Have you ever travelled in a train for so long that when you finally get off at your destination, you can still feel the ground beneath your feet shaking the same way as on a moving train? A feeling similar to this made me wake up from my sleep, but it was not related to trains. I thought I heard muffled sounds of blasts and distant gunfire. When I got out of bed and walked outside, there was a strange silence on the airstrip. I had been hearing the sounds of blasts and gunfire so much on my regular visits to Kargil that I felt like I could hear them even in my sleep. It was a strange feeling. When inside the briefing room at Kargil or just flying over enemy bunkers, I could hear the muffled sounds of artillery bombardment only a few hundred metres from us, sounds of machine-gun fire echoing in the valleys or, at times, could see muzzle flashes in the rocky mountains, which would make me realize all over again that a bloody battle was underway somewhere in those mountains. But it all creeps into the subconscious even if no attention is paid to it. Sometimes I would be taking a nap inside the mess before a sortie, and suddenly the sound of mortar fire or artillery gunfire would wake me up. Sometimes these mortar rounds would go off so close to the airstrip that we could feel the windowpanes vibrating. But nothing mattered in that moment. The battle noise was not discomforting—it was the silence that was dreadful.

As I stood outside my room in the sunny afternoon, I could see that a wreath-laying ceremony was going on in a far corner of the airstrip. Men in army and air force uniforms slowly marched towards a row of coffins covered in tricolour carrying the mortal remains of martyred soldiers from the night before or that morning, and offered wreaths to the martyrs as the buglers played a tune. The battle had ended for these bravehearts. They would now be airlifted to their hometowns, where their grieving families awaited them for their last rites. I wondered in that moment if their families were even aware of this or whether they would be told later. I had never found the time to think about this before that day, even though I had been witnessing these ceremonies since I had come to Srinagar. War is surely a sad affair in the end. The enemy held defences at heights and was, therefore, at an advantage. And at the very beginning of the war, Indian troops were fighting in what appeared to be suicide missions, as the army had not yet achieved a considerable build-up of forces. But then it reminded me of Papaji’s words, who always considered martyrdom a privilege. There was no better way to die, he would say, and that all of us should be proud of them. Only the most fortunate get to live and die as heroes; only the most fortunate get to be wrapped in tricolour. No ordinary man could earn it.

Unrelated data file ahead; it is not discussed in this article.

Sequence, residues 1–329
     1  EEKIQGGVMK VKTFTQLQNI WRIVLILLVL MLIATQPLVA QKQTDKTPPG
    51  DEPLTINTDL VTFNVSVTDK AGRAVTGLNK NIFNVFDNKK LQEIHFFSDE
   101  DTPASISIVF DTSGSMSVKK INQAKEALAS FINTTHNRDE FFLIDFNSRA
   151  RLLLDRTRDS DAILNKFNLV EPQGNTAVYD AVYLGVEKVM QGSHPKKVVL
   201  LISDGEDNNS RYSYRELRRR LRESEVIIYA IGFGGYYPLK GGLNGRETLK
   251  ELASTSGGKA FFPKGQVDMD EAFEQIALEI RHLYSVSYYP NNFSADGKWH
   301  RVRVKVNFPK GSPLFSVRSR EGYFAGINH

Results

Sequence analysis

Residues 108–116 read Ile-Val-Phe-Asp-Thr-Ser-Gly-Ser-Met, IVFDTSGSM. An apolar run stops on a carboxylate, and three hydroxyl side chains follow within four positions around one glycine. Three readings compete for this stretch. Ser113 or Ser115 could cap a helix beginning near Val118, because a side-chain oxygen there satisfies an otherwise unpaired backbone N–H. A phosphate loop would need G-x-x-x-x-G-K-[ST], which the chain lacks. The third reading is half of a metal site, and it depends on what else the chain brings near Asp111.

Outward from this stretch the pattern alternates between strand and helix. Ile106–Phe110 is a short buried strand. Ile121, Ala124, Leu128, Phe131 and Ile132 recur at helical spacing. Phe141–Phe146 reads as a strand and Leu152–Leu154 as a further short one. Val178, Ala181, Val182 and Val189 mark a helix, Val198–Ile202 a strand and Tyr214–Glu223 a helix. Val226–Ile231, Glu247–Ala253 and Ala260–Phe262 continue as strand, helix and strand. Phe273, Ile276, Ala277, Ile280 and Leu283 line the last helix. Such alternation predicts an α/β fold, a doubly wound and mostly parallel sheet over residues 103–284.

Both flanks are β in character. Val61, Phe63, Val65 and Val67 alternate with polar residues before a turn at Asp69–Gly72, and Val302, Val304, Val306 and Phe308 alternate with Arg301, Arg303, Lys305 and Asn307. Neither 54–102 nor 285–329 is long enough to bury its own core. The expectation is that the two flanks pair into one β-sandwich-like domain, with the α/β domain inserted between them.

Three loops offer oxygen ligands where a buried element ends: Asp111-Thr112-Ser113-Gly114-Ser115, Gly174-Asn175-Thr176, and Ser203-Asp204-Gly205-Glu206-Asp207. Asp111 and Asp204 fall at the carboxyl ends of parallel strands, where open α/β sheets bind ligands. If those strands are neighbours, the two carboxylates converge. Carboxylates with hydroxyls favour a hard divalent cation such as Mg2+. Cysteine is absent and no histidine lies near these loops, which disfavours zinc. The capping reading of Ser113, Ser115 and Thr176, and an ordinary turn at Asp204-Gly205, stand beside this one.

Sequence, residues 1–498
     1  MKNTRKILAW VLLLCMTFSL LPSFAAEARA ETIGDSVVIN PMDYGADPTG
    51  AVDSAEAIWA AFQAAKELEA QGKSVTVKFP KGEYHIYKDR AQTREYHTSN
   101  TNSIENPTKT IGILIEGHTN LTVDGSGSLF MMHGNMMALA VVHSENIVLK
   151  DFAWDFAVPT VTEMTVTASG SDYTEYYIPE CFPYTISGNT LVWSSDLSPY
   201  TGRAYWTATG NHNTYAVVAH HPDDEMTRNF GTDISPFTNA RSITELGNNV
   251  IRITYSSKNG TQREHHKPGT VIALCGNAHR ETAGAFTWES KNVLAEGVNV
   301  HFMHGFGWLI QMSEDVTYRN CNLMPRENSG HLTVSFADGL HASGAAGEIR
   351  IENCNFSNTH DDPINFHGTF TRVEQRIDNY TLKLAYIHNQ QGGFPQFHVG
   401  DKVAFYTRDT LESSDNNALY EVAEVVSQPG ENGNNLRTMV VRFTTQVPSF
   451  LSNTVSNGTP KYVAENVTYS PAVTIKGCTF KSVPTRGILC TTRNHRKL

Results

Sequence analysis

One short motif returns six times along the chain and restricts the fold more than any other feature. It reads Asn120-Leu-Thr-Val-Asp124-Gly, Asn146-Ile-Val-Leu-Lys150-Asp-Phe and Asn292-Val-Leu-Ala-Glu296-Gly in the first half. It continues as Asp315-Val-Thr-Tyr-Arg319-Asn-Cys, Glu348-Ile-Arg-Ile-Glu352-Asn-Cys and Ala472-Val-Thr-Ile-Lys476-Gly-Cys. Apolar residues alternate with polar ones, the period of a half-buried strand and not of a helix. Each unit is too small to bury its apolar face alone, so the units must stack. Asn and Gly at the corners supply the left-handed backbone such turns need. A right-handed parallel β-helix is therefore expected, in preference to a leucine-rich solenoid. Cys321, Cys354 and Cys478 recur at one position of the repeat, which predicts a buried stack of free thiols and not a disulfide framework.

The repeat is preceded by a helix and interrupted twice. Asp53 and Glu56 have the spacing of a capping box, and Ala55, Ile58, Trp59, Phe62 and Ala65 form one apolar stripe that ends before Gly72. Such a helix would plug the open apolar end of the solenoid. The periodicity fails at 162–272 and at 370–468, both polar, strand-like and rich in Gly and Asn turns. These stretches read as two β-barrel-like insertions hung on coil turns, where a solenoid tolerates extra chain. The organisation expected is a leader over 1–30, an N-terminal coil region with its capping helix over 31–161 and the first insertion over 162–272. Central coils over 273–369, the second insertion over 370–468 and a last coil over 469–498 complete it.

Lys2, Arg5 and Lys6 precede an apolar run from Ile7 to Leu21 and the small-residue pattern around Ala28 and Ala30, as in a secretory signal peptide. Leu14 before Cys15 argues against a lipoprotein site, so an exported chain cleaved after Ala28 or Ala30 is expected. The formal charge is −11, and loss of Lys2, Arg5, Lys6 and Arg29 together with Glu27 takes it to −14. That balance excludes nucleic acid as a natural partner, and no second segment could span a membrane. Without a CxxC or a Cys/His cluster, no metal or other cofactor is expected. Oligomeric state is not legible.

I felt respect and grief for the martyrs at the same time as I stood witness to the wreath-laying ceremony from a distance. I closed my eyes and paid homage to all those who had laid down their lives for their nation since the Kargil War had begun.

Since 6 June 1999, the army had achieved a sufficient build-up of troops and the logistics to launch major offences in the Dras and Kargil sectors. The war was only going to intensify in the coming days. And it would be accompanied by strategic air strikes, since the aim was to keep the Srinagar–Leh highway free of enemy threat. One such air strike was carried out earlier that day. As I stood there lost in my thoughts, our flight commander, Wing Commander Srivastav, came running towards me.

‘Good afternoon, Sir,’ I saluted him.

He saluted back as he stopped in front of me, catching his breath. ‘We need to hurry up,’ he said. ‘We need to get airborne immediately.’ 

(Excerpted with permission from ‘The Kargil Girl: An autobiography’ published by Penguin Random House)